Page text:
Again, Jeff Hill requested the Attorney General to review the new ordinance. The Attorney General did so and then filed the instant amended petition for review.*fn4 The petition contains six counts. Each count asserts that the 2008 Ordinance is unauthorized or preempted under a different statute: (1) the Agricultural, Communities and Rural Environment (ACRE) Act, 3 Pa. C.S. §§311-318,*fn5 in Count I; (2) the Solid Waste Management Act (SWMA) in Count II; (3) the Nutrient Management Act, 3 Pa. C.S. §§501-522 in Count III; (4) the Pennsylvania Municipalities Planning Code, Act of July 31, 1968, P.L. 805, as amended, 53 P.S. §§10101-11202 in Count IV; (5) the Agricultural Area Security Law, Act of June 30, 1981, P.L. 128, as amended, 3 P.S. §§901-915 in Count V; and (6) the Second Class Township Code, Act of May 1, 1933, P.L. 103, as amended, 53 P.S. §§65101-68701 in Count VI.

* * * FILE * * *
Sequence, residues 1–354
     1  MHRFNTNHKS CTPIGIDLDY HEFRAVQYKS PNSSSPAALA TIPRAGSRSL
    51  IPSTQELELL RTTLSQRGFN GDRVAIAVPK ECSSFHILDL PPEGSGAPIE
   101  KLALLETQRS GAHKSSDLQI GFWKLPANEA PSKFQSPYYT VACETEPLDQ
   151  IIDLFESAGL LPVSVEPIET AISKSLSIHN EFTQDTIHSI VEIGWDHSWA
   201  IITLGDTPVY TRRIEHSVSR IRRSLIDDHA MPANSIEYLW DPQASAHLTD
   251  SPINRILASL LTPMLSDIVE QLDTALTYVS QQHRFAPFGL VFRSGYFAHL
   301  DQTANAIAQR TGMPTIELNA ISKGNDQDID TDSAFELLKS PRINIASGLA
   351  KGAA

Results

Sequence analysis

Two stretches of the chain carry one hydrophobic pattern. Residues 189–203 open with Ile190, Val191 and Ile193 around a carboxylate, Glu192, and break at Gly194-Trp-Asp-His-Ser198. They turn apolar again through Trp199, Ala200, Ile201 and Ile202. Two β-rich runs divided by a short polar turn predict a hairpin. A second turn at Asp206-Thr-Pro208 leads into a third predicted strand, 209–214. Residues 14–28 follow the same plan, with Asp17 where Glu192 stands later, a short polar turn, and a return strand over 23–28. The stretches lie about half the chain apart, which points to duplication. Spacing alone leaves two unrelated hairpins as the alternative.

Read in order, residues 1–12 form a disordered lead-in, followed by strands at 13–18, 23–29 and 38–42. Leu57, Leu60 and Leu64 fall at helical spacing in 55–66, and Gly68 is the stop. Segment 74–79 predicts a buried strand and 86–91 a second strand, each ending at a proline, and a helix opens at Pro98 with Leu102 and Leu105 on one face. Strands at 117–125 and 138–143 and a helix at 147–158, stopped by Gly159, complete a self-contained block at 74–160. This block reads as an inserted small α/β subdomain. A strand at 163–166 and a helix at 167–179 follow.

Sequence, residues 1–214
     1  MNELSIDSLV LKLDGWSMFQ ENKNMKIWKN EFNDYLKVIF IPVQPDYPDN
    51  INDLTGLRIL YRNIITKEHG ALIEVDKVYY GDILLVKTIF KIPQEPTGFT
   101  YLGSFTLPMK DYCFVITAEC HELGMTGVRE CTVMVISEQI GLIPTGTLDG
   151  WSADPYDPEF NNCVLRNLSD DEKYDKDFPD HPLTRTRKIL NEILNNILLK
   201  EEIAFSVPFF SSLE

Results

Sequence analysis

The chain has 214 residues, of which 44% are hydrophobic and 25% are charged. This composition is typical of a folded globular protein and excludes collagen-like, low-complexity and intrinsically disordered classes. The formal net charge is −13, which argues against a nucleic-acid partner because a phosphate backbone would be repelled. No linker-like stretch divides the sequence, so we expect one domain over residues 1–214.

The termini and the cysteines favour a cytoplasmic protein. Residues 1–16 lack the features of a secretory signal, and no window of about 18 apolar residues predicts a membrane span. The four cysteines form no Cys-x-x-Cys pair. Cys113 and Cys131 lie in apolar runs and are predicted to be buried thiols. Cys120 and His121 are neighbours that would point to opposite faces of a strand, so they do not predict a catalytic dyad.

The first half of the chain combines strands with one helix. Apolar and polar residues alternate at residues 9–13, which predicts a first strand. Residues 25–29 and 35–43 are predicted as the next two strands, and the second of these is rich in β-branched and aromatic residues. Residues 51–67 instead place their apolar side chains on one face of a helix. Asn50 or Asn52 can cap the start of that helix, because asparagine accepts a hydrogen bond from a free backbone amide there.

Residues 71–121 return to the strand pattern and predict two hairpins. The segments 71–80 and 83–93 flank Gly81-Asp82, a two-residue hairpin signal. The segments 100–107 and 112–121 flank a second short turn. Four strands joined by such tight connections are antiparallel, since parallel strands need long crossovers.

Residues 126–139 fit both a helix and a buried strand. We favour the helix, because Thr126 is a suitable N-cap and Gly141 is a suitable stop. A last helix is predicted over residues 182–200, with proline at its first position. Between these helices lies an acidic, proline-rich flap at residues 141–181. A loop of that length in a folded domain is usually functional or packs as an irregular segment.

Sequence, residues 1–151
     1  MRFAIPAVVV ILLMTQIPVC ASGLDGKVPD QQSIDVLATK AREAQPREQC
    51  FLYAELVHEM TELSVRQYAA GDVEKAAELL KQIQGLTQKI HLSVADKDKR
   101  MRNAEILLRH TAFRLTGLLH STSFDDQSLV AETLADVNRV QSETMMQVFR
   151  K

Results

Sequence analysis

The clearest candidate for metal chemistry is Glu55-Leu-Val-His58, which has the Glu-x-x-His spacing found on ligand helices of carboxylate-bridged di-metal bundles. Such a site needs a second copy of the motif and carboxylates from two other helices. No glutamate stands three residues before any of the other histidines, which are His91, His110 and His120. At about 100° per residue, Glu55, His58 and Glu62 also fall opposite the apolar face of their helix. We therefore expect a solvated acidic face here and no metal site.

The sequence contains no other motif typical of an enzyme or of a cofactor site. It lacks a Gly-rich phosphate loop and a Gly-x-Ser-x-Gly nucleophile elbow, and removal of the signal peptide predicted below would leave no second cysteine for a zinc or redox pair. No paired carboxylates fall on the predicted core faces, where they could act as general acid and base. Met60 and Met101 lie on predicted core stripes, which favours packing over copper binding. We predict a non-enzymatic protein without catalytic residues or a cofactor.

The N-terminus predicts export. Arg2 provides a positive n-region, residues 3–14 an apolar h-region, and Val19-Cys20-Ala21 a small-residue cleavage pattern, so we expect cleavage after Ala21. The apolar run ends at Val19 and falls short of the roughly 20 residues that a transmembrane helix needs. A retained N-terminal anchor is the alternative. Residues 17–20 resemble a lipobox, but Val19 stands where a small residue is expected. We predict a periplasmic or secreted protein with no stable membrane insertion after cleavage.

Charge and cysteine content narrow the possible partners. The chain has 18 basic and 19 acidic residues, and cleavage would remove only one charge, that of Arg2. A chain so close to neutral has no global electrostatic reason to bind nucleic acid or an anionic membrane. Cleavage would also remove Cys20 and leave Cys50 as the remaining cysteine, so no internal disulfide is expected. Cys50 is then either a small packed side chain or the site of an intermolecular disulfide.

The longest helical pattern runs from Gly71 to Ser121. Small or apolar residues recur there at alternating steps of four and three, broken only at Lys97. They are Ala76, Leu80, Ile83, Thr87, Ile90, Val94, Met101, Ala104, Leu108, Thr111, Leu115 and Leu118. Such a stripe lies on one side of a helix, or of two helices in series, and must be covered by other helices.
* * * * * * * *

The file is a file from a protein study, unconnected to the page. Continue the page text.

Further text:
The Attorney General's petition details the benefits of using sewage sludge to improve soil quality, forest productivity and crop growth. The use of sewage sludge to reconstitute soil is a well-established agricultural practice that is encouraged by the U.S. Environmental Protection Agency. In the past ten years, the Department has approved approximately 827 farms in Pennsylvania as suitable sites for the application of sewage sludge, one of which is Hill Farms. Amended Petition for Review, ¶46.